The Emerald Light in the Air: Stories

by Donald Antrim

Farrar, Straus and Giroux, $22, 176

Who is this author?

Donald Antrim is hailed by literary critics as one of the finest contemporary American authors. His novels include Elect Mr. Robinson for a Better World, The Hundred Brothers and The Verificationist, and his memoir, The Afterlife, memorialized his talented and tragic mother and her indelible effect on his life. He is a regular contributor to The New Yorker, where all the stories in The Emerald Light In the Air first appeared, and he is an associate professor in the writing program at Columbia University. He won a 2013 MacArthur Fellowship, known informally as a “genius grant.”  Emerald was named as a Best Book of 2014 by The New Yorker, The Wall Street Journal, The Times Literary Supplement and The Independent.

What is this book about?

It’s about ordinary people doing ordinary things, but described in the most extraordinary fashion. This is a compilation of pieces Antrim has written over the past 17 years, and each captures emotionally fragile people at a turning point, and not necessarily a good one. His characters do simple things like trying to buy flowers, taking a walk through the city, coupling and uncoupling, driving through a forest: but nothing ever is simple in an Antrim story. He writes with amazing control and insight, and this collection will add additional gloss to his already shining reputation.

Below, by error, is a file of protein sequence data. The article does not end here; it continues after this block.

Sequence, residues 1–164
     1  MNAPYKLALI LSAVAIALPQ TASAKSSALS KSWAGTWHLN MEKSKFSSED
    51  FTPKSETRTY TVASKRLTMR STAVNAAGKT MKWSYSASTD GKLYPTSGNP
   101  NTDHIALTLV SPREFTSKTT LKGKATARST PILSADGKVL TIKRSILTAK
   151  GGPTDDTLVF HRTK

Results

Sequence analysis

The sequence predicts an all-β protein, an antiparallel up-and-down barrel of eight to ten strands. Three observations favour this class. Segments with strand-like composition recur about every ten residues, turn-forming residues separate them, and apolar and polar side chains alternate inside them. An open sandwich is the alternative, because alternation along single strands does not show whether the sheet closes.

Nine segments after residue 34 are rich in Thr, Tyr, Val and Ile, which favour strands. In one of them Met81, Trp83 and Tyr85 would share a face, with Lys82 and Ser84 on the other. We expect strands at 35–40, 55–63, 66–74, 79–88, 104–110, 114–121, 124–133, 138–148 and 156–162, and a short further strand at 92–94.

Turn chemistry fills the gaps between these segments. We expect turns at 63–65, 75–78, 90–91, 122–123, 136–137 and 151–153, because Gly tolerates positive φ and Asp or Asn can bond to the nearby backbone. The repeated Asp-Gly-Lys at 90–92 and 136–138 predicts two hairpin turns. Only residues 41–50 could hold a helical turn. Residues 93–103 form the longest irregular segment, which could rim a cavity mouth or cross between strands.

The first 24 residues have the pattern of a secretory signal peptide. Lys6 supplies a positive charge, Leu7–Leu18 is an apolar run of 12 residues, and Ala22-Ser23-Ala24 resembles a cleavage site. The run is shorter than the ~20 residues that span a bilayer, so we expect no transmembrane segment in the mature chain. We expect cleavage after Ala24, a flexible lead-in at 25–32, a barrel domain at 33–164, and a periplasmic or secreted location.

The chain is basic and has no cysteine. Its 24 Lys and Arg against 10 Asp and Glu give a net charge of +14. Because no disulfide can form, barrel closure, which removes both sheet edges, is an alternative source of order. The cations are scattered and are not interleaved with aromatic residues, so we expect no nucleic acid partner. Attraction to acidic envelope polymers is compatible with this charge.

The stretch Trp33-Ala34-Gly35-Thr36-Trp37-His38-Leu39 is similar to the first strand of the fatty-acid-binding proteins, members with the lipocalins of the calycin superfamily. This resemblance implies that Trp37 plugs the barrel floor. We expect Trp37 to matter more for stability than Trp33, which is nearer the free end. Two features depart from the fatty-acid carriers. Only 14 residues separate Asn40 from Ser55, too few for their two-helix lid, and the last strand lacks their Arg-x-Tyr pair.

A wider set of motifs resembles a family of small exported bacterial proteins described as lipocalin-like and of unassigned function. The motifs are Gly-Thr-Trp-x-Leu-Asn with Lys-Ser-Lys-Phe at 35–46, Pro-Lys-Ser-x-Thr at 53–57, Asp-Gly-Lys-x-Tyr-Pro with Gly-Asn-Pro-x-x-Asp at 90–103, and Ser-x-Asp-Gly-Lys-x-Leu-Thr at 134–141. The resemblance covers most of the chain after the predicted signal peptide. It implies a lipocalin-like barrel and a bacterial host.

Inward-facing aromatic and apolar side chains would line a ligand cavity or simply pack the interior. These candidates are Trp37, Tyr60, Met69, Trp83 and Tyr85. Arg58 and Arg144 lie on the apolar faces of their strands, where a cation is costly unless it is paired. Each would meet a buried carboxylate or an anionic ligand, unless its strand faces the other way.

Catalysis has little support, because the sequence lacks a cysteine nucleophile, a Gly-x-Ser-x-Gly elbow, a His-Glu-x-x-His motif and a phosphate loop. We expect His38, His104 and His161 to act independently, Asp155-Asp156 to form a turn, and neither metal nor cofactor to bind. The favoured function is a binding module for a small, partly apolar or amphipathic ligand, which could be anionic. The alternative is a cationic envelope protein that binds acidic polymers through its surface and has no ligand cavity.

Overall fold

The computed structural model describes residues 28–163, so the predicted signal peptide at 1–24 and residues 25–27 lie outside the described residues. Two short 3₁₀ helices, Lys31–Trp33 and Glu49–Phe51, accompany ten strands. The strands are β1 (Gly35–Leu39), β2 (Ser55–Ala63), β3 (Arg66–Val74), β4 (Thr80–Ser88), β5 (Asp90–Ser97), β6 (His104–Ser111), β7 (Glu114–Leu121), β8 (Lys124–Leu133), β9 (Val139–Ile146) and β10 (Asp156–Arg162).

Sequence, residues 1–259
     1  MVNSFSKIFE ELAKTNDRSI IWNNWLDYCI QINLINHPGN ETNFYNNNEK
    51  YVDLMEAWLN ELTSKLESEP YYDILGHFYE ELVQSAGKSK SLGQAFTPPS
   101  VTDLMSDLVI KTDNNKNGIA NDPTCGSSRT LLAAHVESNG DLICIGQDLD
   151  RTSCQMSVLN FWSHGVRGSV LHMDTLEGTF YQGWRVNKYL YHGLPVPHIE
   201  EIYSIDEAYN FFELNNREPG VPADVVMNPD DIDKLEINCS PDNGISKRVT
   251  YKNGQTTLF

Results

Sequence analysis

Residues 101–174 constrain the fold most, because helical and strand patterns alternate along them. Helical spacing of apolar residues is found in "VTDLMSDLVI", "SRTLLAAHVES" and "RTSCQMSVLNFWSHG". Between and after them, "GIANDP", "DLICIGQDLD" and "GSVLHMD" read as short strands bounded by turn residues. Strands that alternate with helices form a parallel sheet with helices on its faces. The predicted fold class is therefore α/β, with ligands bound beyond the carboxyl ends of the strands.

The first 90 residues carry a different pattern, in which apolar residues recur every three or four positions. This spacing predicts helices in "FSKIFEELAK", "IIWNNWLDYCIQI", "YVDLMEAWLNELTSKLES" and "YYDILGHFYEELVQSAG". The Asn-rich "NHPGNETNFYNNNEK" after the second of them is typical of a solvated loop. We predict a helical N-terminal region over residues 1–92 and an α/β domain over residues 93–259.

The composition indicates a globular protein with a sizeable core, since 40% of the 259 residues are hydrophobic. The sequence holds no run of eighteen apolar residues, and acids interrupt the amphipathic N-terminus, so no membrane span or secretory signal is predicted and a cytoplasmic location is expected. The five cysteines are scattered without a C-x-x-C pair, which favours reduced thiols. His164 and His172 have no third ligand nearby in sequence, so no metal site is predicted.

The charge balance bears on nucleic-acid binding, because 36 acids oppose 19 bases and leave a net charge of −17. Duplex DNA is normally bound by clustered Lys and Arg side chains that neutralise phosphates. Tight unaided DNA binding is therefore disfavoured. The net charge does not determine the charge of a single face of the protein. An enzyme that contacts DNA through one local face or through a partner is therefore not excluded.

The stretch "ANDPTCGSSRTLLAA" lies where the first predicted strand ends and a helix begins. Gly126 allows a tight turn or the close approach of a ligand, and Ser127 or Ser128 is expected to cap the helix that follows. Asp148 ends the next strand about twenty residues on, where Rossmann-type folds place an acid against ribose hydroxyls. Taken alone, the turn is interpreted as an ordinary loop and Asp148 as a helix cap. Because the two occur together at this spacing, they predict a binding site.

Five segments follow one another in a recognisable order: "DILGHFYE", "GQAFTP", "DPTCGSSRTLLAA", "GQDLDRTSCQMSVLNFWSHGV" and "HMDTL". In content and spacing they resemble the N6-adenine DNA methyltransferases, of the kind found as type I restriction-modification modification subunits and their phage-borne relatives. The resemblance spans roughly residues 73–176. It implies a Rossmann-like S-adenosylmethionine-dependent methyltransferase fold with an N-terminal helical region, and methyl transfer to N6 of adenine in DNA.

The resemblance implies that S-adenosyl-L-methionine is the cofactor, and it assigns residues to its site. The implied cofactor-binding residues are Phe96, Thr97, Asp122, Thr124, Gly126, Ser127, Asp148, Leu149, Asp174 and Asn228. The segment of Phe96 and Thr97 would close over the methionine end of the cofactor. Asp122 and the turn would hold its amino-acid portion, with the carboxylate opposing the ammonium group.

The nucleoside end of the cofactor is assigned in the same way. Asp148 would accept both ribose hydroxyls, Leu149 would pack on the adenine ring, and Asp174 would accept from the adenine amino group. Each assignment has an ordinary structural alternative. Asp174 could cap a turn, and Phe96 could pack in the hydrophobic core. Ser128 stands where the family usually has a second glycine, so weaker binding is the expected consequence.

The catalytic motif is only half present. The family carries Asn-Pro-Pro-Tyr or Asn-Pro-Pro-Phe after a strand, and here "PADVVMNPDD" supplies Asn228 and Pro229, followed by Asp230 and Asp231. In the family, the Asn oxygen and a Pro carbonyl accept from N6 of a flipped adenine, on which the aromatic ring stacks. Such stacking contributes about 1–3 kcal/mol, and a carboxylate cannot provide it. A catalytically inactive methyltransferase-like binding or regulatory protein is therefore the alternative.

Why you’ll like it:

In 1999, Antrim made the prestigious New Yorker list of the 20 best writers under age 40. Today, he would undoubtedly make any list of 20 best writers over that age. He has been called “one of our period’s true artists of anxiety,” a description you will understand if you read his new collection. He presents deeply flawed people in a unsparing yet empathetic way: you feel for these people, fear for them and hope, with fingers crossed, that they will survive their richly detailed experience intact. Antrim has himself suffered emotional breakdowns and knows the bleak and dangerous territory of anxiety all too well. That he can take such raw and painful material and turn it into such delicately powerful stories is a testament to his considerable talent.

What others are saying:

Publishers Weekly says: “The seven gripping stories gathered in Antrim’s long-awaited debut collection showcase the author’s ability to employ surreal and traditional modes to describe the emotional demons plaguing his characters. The opening story, “An Actor Prepares,” is about a dean at a “small liberal-arts institution” who shares his creepy experiences directing a twisted version of A Midsummer Night’s Dream. The quietly troubling “Pond, With Mud” draws out an awkward chance encounter between a man and his girlfriend’s son’s biological father in a train station. The remaining five stories speak to each other to form a sort of thematic saga, which portrays the nuanced connections between flawed but sympathetic characters. “Solace” highlights the pleasant early stages of a relationship, and follows a couple’s romantic rendezvous in their friends’ New York apartments; more seasoned pairs are entangled and on the brink of collapse, but maneuver around each other to achieve temporary harmony in “Another Manhattan,” “He Knew,” and “Ever Since.” Antrim is well attuned to the idiosyncracies that define the rhythm of a relationship, and is particularly adept at giving shape to the complications that inevitably arise between lovers. A collection of great depth to be read, reread, and above all, relished.”